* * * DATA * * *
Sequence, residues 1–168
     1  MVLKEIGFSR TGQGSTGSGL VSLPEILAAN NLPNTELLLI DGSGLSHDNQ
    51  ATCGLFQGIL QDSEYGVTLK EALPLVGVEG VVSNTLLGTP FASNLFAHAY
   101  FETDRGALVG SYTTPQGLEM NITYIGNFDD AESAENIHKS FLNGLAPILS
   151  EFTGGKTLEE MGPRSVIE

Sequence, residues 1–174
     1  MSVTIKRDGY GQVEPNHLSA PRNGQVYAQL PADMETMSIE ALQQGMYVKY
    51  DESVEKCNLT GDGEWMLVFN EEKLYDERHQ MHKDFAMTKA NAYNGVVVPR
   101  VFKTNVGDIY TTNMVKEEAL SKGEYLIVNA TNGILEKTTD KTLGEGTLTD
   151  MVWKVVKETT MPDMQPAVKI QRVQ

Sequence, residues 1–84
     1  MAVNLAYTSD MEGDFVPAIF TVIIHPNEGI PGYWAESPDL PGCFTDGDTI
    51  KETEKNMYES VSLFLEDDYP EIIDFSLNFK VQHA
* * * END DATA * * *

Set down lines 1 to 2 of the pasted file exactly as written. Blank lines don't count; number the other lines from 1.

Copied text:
Sequence, residues 1–168
     1  MVLKEIGFSR TGQGSTGSGL VSLPEILAAN NLPNTELLLI DGSGLSHDNQ